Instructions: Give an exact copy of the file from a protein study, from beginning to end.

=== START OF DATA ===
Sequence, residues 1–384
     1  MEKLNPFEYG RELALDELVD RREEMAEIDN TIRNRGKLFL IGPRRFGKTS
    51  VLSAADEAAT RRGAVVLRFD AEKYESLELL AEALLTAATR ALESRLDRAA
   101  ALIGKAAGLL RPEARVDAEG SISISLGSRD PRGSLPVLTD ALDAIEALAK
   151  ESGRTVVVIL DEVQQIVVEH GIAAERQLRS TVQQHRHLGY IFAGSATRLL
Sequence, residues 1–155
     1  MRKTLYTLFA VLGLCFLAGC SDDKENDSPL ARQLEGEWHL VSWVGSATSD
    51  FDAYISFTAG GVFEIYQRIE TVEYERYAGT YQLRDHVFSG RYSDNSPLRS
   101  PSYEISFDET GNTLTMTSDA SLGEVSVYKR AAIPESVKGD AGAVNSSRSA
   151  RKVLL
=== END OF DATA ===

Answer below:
Sequence, residues 1–384
     1  MEKLNPFEYG RELALDELVD RREEMAEIDN TIRNRGKLFL IGPRRFGKTS
    51  VLSAADEAAT RRGAVVLRFD AEKYESLELL AEALLTAATR ALESRLDRAA
   101  ALIGKAAGLL RPEARVDAEG SISISLGSRD PRGSLPVLTD ALDAIEALAK
   151  ESGRTVVVIL DEVQQIVVEH GIAAERQLRS TVQQHRHLGY IFAGSATRLL
Sequence, residues 1–155
     1  MRKTLYTLFA VLGLCFLAGC SDDKENDSPL ARQLEGEWHL VSWVGSATSD
    51  FDAYISFTAG GVFEIYQRIE TVEYERYAGT YQLRDHVFSG RYSDNSPLRS
   101  PSYEISFDET GNTLTMTSDA SLGEVSVYKR AAIPESVKGD AGAVNSSRSA
   151  RKVLL